nextgenforensic

Examining pedophilic interest as a risk factor for sexual re-offending

By Ian McPhail (@IanVMcPhail on twitter)

One of the central preoccupations of forensic psychology is identifying what psychological and social characteristics may contribute to re-offending.  This concept is straightforward and important.  When someone commits an offence, is caught and convicted, and becomes involved in the criminal justice system, we want to understand what separates those who return to criminal behaviour and those who do not.  When we understand this, people working with individuals who have committed sexual offences can help them limit the influence of these problems in their lives and increase the chance that they will desist from crime.

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Examining the latent structure of pedophilic interest

By Ian McPhail (@IanVMcPhail on twitter)

In the last five years, there has been a series of attempts by forensic and sex scientists to examine and elucidate the latent structure of sexual interests in prepubescent children, or, pedophilic interest. In this blog post, I will discuss what latent structure is and what the recent science has been finding. In two upcoming blog posts, I will examine the ramifications of this recent latent structure research.

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The link between pedophilia and height

Ian McPhail

If I were to ask the question, “what are some markers of early development experiences that might be linked to the development of pedophilic interests?”  I doubt most people would suggest “physical height”.  But to the contrary, pedophilic sex offenders are, on average, 1.7cm shorter than other groups of people (for example, other sex offender groups, non-offenders).  A more recent study by Fazio and colleagues found pedophilic offenders to be 3.09cm shorter than non-pedophilic offenders.

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Can we analyze word associations in online solicitation transcripts using online software Overview? Part 2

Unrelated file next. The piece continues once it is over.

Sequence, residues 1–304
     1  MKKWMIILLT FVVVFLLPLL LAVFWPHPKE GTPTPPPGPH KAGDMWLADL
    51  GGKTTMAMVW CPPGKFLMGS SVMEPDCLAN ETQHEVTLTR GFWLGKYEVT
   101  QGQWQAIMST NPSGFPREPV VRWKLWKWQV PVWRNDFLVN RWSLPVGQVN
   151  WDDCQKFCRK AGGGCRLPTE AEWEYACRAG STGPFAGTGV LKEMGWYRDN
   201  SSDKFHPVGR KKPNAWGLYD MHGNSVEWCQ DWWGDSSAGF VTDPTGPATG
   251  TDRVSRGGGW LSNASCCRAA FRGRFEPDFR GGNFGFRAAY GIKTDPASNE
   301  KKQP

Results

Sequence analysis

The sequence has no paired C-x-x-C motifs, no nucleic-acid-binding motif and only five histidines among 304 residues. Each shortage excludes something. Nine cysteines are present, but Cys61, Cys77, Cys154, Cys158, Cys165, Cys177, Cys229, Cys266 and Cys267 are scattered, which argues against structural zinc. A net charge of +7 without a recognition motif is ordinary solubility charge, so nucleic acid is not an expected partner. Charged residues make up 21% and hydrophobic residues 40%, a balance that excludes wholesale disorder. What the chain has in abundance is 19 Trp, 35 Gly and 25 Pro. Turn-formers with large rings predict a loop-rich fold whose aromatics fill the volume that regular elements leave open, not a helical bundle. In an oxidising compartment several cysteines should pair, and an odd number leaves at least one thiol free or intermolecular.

Hollie Richardson

Last year Ian Elliott began investigating the use of free, open-source online text analysis tool Overview (read Ian’s post here) to examine online grooming transcripts. The tool – originally designed for investigative journalists and more recently used by researchers – searches and analyses huge sets of documents simultaneously and provides a visualization of the broad trends and patterns across these documents in the form of ‘topic trees’. This post describes the findings of an updated analysis with a larger sample.

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There is evidence to support the use of Western developed violent risk assessment in China: Responding to Zhou et al. (2015)

Seung Chan Lee and Karl Hanson

The recent article published by Zhou and his colleagues (2015) concluded that there was little evidence to support the use in China of violent risk assessment instruments developed in Western countries. They made two claims: 1) the predictive validity estimates (AUCs) were noticeably lower in China than in Western countries, and 2) the values of predictive validity found in Chinese studies were poor. We believe that the evidence presented in the article does not support either of their claims. This post outlines our rationale for this belief.

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The sense or folly of doing ‘quali’

Ian A. Elliott

We researchers, we’re a manipulative bunch. We like nothing better than taking observable phenomena, controlling them, and bending them to the will of empirical scientific inquisition. However, due to the dynamic nature of our field, it is far from a rarity to encounter both new forms of criminal behavior and new manifestations of well-established criminal behavior.

As important as quantitative research is in our field, there is ample room for other ways in which to explore these complex phenomena and the range of experiences involved in, and resulting from, sexual violence. There is an abundance of qualitative work in forensic psychology seeking to provide a foundational understanding of various phenomena on which we can build measurable theoretical, assessment, and treatment practices.

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